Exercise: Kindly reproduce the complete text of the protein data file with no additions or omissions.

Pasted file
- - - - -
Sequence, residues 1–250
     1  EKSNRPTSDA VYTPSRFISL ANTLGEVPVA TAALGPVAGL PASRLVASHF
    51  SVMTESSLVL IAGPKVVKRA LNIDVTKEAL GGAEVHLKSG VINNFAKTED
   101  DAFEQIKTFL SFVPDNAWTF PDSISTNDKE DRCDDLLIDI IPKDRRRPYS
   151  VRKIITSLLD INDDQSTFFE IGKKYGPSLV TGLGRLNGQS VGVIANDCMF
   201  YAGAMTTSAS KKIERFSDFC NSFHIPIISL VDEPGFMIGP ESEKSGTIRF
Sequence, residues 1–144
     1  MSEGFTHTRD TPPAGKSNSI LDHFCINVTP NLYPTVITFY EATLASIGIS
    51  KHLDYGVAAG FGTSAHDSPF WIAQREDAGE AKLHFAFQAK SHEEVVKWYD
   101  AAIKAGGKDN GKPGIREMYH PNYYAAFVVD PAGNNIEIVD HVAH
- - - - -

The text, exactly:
Sequence, residues 1–250
     1  EKSNRPTSDA VYTPSRFISL ANTLGEVPVA TAALGPVAGL PASRLVASHF
    51  SVMTESSLVL IAGPKVVKRA LNIDVTKEAL GGAEVHLKSG VINNFAKTED
   101  DAFEQIKTFL SFVPDNAWTF PDSISTNDKE DRCDDLLIDI IPKDRRRPYS
   151  VRKIITSLLD INDDQSTFFE IGKKYGPSLV TGLGRLNGQS VGVIANDCMF
   201  YAGAMTTSAS KKIERFSDFC NSFHIPIISL VDEPGFMIGP ESEKSGTIRF
Sequence, residues 1–144
     1  MSEGFTHTRD TPPAGKSNSI LDHFCINVTP NLYPTVITFY EATLASIGIS
    51  KHLDYGVAAG FGTSAHDSPF WIAQREDAGE AKLHFAFQAK SHEEVVKWYD
   101  AAIKAGGKDN GKPGIREMYH PNYYAAFVVD PAGNNIEIVD HVAH